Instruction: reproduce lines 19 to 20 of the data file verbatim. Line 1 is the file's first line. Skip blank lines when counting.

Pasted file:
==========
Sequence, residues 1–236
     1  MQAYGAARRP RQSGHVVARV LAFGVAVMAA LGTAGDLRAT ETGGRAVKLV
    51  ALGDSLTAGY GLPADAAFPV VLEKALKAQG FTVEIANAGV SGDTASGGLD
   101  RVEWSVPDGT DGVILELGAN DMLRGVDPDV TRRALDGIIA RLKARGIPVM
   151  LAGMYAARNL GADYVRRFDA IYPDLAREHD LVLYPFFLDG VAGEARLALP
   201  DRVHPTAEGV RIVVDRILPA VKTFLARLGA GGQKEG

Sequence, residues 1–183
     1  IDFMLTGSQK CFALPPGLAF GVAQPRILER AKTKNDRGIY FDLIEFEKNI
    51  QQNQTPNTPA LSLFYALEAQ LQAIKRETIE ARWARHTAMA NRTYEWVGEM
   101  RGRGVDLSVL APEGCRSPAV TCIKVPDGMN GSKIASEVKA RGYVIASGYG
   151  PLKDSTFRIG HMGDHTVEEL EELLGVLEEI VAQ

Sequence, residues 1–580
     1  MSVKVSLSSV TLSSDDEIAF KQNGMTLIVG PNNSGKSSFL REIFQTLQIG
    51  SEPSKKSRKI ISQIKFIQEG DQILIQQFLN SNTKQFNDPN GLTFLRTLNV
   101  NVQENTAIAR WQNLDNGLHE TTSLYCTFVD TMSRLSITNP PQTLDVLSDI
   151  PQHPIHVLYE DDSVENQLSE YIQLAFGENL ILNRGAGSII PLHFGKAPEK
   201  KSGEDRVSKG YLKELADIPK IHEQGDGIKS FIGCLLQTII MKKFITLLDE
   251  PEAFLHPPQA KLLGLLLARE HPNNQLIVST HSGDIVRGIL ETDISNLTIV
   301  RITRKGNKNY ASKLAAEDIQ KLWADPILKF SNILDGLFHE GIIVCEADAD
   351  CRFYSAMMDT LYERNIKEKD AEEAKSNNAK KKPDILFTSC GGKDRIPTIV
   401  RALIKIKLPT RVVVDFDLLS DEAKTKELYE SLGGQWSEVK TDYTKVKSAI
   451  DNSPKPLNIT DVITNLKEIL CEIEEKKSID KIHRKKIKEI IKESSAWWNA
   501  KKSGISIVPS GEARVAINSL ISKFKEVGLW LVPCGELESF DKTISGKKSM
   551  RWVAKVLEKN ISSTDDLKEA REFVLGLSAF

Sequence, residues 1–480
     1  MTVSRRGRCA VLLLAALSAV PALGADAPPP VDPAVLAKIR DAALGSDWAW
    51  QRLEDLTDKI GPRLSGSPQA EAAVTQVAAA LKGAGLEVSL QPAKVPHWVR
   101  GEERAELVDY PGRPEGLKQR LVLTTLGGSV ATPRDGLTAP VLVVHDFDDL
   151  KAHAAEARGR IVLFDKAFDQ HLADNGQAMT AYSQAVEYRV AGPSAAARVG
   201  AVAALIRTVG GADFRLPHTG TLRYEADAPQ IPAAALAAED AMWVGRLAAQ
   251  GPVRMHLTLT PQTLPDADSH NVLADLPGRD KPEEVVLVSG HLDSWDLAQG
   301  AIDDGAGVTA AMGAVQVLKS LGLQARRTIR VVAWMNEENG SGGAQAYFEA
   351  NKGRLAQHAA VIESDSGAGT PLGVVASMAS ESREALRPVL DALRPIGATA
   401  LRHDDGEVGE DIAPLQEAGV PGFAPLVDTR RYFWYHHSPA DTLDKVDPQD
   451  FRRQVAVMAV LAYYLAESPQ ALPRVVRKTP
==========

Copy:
   301  RITRKGNKNY ASKLAAEDIQ KLWADPILKF SNILDGLFHE GIIVCEADAD
   351  CRFYSAMMDT LYERNIKEKD AEEAKSNNAK KKPDILFTSC GGKDRIPTIV